Pelican book cover design

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11 Responses to “Pelican book cover design”

  1. Norfolkadam says:

    They really are super aren’t they? In my town in England there is an Oxfam bookshop that has stacks of these in wonderfully obscure titles that I’ve been buying for 49p a pop.

    A few of my favourite’s are Freud’s biography of Leonardo da Vinci and The Hidden Persueders about American culture being imported into Britain and how to avoid being sucked in.

    It’s such a shame there is no major publisher brining out these kind of titles now, whatever happened to Pelicans?

  2. Dougall says:

    The Penguin book covers of science fiction seemed to me to be some of the finest examples of graphic arts I’ve seen.

    One in particular stays with me as perfectly evocative of the book’s content and style (surely the first job of cover art is to expound the story and style of the novel! – I hate abstract covers). Besides being beautifully rendered, it is spare and dark and frightening.

    The cover of JG Ballard’s ‘The Wind From Nowhere’ perfectly dramatizes the book’s theme. The slightly stylized image of a Challenger tank flying through the air is inseparable in my memory from the experience of reading the book.

    Five minutes searching on Google found a good image of this and several other Ballard covers on this blog:

    http://theentropytango.wordpress.com/2008/07/15/jg-ballard-box-set-inc-the-wind-from-nowhere-the-drowned-world-the-terminal-beach-and-the-drought/

    If you love good graphic art you should take a look – these covers are stunning.

  3. David Pescovitz says:

    @DOUGALL, Fantastic link. I love that Ballard cover. Thank you!

  4. Piers W says:

    Jan Tschichold, Derek Birdsall, Romek Marber, David Pelham, Germano Facetti. I’d say the high point in book cover design.

  5. Pantograph says:

    You really can tell from these why everybody had gotten sick and tired of Helvetica by the mid 1980s

    For me, the odd gem notwithstanding, these pale in comparison with the illustrative genius of Dick Bruna (who does the Miffy books which were blatantly ripped off by Sanrio’s Hello Kitty.)

  6. Piers W says:

    I always thought the airbrushed Ballard covers were designed by David Pelham but the paintings were by Alan Aldridge.

    I just discovered here:

    http://www.creativereview.co.uk/cr-blog/2007/may/penguin-by-designers-david-pelham

    that he did them himself – (along with the classic cover of Clockwork Orange and a ton of other fantastic work).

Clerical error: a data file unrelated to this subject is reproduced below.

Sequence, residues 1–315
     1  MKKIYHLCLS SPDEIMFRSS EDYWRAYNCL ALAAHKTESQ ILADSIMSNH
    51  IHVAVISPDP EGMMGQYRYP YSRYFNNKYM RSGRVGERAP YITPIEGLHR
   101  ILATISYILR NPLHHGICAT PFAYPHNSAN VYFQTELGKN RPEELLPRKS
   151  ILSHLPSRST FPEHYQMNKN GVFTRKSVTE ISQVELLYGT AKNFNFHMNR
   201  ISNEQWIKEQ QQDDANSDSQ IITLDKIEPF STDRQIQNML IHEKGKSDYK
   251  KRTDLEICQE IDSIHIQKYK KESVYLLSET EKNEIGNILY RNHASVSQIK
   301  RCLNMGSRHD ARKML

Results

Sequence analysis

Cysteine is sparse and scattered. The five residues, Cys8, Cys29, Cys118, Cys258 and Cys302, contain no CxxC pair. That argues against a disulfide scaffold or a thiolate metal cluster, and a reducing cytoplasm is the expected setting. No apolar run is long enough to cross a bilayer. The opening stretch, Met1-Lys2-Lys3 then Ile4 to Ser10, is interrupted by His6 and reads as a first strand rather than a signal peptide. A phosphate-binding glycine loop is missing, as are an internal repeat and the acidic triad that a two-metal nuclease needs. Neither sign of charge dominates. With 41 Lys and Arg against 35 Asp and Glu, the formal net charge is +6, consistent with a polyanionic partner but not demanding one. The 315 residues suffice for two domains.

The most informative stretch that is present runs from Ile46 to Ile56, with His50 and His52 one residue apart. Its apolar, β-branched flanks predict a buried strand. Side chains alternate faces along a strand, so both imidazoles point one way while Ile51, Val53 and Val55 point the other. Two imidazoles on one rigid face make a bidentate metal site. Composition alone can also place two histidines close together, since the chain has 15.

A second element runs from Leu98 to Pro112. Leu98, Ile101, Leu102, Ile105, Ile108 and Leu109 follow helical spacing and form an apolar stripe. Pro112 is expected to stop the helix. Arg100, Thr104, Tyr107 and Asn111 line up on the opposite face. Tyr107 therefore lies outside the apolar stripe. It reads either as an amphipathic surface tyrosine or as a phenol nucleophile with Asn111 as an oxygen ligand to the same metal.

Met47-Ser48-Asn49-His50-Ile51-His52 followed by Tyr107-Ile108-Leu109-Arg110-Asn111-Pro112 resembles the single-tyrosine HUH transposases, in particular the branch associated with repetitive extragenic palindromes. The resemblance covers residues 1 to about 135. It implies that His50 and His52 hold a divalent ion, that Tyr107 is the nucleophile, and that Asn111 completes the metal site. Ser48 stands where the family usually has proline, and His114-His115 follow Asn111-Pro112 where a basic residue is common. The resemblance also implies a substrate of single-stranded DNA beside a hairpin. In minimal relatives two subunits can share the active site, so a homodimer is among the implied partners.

7. totalcardboard says:

    I’ve collected lots of beautiful old cover designs here:

    http://www.totalcardboard.com/book_cover_gallery.htm

  8. Thad E Ginataom says:

    Yes, the covers were great — but what about the books?

    Pelican books were an incredible resource of learned information; a whole reference library available from your local bookshop, at prices realistic even at pocket-money levels

    I wonder how many of those titles made money for Penguin?

    It’s just wonderful that the series existed at all; publishing at its very, very best.

  9. J France says:

    Way back when I actually worked for a graphic house, I remember being super excited as we trainsitioned from bromides and plates for colour work to PostScript RIPS and CTP.

    But as we went on I noticed both the art and the ideas from clients got lazier and lazier, visually lkess interesting and eventually homogenous – in regards to style, identity etc etc.

    Working with coarse halftone printers and clunky GTOs, creating bromides on 300PPI lasers, having to use pasteups – they can create a much more interesting effect. Hell give me “four colour process” on four copiers with different coloured toners over a Fiery RIP and a Xerox A-series.

    I think it’s sad that many course now seem to skip the hands on visual studies and design fundamentals – which include pasting up type, so you can get a feel for kerning and leading, negative space etc – in favour of easily available technology.

    Marshall McLuhan’s The Medium is the Massage is a great example of paste-up / early typesetting smacking down the notion that technology has somehow made for a richer visual landscape, rather than glossier colours and substanceless pap.

  10. J France says:

    I’d also highly suggest checking out the entropy tango, which #3 linked too.

    A freakin’ excellent repository of book covers.

    http://theentropytango.wordpress.com/

  11. David Pescovitz says:

    Wow. Hadn’t seen Entropy Tango before but it is *fantastic.* Maybe I’ll post about that tomorrow! : ) Thanks!

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